G. HILL. Lincoln's Inn, February 27, 1792.

The Solicitor Generals Opinion on Sir Thomas Care's Will, &c.

The authorities with respect to the effect of settlements made subsequently to wills, are so extremely strong to prove them revocations, even with respect to such interests in the estates as remains in the grantor, that it will be found very difficult to establish the will in question. This case, however, has circumstances in it which are singular; and the disapprobation which, in some late cases, has been expressed with regard to those authorities, may perhaps operate to an extent, which makes it adviseable to take the opinion of a court upon the validity of this will.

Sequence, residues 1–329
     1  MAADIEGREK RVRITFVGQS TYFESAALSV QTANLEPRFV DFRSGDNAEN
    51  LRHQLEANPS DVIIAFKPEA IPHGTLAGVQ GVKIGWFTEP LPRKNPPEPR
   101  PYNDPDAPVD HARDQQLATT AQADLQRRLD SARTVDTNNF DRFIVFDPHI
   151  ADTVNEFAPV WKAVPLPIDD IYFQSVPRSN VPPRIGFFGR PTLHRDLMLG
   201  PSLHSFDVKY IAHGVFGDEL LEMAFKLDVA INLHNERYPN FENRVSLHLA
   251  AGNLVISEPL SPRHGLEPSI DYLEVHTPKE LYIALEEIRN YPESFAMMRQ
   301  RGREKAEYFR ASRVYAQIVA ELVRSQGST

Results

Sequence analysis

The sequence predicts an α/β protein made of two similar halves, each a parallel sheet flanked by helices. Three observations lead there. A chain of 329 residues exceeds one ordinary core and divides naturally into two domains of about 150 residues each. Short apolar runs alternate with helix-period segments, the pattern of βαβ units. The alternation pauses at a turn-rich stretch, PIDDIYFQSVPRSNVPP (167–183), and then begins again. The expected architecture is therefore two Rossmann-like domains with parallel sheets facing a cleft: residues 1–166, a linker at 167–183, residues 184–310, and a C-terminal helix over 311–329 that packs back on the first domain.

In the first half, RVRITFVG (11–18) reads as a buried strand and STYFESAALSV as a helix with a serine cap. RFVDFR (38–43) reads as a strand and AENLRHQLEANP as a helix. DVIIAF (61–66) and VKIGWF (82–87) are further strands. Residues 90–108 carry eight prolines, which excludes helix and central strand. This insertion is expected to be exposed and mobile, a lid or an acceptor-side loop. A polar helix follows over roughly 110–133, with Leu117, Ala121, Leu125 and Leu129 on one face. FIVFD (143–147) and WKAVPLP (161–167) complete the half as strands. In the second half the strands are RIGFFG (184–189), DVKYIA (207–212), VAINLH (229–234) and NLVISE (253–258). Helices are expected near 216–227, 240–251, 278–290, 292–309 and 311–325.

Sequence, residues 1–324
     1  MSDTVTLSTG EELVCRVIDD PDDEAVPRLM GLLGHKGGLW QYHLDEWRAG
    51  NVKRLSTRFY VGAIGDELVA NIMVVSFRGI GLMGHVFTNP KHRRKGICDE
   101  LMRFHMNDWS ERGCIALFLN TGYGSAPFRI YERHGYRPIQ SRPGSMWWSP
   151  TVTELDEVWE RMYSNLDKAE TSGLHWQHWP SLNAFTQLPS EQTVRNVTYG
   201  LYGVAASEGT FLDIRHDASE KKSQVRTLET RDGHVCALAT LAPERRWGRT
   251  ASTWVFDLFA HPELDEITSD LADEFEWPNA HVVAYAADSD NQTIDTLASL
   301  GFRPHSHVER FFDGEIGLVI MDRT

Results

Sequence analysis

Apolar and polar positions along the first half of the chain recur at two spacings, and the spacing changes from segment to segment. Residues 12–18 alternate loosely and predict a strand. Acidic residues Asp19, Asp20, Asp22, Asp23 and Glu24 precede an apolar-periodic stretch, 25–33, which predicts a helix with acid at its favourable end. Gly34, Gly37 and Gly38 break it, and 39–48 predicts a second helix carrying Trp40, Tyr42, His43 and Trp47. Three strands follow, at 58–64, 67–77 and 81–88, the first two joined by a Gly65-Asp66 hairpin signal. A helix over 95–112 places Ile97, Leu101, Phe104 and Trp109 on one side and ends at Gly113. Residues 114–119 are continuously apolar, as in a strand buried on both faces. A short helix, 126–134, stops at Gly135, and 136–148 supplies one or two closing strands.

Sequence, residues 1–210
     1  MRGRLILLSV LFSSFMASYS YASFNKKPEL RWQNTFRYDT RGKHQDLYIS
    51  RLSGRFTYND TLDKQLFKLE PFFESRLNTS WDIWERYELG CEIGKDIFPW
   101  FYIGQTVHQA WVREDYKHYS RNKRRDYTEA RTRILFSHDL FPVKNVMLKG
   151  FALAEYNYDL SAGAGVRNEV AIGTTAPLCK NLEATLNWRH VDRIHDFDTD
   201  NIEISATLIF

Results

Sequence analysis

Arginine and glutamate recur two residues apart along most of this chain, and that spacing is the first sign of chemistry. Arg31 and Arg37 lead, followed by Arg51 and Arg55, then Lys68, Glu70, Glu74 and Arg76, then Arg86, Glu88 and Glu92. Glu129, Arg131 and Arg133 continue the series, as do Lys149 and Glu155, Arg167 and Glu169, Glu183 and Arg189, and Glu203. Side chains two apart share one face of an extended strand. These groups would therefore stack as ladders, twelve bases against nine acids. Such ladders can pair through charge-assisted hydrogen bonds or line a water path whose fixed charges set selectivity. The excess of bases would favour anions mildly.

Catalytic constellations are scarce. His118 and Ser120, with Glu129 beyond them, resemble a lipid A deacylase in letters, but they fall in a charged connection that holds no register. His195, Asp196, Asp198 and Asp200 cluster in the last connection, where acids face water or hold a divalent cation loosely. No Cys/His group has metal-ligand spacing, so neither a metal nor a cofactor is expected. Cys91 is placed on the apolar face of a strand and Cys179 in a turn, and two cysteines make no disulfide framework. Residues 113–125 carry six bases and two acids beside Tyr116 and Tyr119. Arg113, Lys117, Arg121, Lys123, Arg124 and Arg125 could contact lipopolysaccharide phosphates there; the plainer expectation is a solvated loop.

With respect to the Swinford and South Kilworth estates, by the agreement, if a marriage t'ok place, they were to be subject to 14001. a year; and the settlement does not vary the testator's interest in those estates to any other extent than by effectuating that charge. There seems, therefore, to be some reason to contend, that the will itself having adverted to the jointure, by devising the estate subject to it, and the settlement being made